In regards to comments stating that Western economic growth began at a time where people were still religious:

Preceding secularism is the liberalization of the governing/educated class. This has already began in the Middle East, where the governing/upper class often feigns religious devotion. Yes, Europeans were still very religious during the colonial era. However, the wealthy and educated had begun to indulge in things prohibited by the church in a much more open manner than during the Middle Ages. People also began to look to science rather than take the word of the church and Bible as the one truth. Most importantly, religion no longer had absolute dictation of the law - which is secularism. Drifting away from something like religion doesn't happen overnight.

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level 1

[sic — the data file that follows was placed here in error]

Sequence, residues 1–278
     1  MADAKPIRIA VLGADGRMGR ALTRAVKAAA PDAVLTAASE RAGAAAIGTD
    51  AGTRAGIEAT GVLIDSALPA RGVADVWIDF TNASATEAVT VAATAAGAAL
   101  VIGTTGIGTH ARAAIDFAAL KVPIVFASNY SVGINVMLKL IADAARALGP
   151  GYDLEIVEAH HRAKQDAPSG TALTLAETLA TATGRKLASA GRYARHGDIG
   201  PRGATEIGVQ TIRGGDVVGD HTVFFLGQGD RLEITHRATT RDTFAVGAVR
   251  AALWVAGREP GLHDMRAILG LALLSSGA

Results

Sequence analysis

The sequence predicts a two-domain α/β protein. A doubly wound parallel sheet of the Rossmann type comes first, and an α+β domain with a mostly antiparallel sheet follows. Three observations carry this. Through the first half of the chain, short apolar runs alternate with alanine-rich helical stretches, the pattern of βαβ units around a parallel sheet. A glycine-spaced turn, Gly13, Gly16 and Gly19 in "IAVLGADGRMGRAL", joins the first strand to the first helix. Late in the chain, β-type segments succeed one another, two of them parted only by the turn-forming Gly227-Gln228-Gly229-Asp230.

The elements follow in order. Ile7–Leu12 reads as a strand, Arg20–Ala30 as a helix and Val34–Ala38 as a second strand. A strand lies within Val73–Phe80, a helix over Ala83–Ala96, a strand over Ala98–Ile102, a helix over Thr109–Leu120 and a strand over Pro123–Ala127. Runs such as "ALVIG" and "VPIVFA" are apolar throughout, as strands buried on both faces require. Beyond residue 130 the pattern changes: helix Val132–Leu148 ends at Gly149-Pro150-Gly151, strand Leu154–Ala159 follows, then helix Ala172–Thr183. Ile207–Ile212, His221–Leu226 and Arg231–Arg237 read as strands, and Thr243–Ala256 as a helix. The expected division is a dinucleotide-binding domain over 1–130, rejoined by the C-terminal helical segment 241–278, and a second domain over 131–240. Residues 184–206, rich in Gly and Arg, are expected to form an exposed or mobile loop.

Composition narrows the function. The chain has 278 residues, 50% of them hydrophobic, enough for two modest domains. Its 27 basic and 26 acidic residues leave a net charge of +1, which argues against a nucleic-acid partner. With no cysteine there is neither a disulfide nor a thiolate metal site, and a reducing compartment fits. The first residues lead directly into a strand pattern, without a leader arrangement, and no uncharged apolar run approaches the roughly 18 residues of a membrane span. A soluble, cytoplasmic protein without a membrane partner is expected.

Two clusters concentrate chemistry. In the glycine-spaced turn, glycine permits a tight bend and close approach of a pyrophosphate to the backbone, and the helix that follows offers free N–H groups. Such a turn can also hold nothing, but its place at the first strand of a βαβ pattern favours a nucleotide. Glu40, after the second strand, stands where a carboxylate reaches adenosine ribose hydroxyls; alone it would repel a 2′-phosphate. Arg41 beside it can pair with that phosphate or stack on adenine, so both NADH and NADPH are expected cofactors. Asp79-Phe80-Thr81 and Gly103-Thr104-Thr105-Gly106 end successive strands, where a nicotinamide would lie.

While I'm always happy to read social science studies of these types of topics, to me (as a professional historian) this is obvious and at the same time an oversimplification.

Historians already know this.

In fact, historians have known (and argued) about this for more than one hundred years. (The relationship between secularization and capitalism has been researched by cultural and economic historians for 200 years now; and it is the driving theme behind Max Weber's famous book The Protestant Ethic and the Spirt of Capitalism, published well over one hundred years ago, and itself sparking a century of pretty intensive research.

So, I guess what is "new" here is the numerical data? As well as the sheer quantity of countries included in the study? (which is where the oversimplification comes in... how much are these different countries truly comparable in this superficial way?)

level 2

Newton said he was standing on the shoulders of giants. All research is based on existing research.

level 2

This, the oversimplification of historical and social procesus, sometimes plainly making it aside, and the intention of Prediction is predominant in this kind of statistics studies.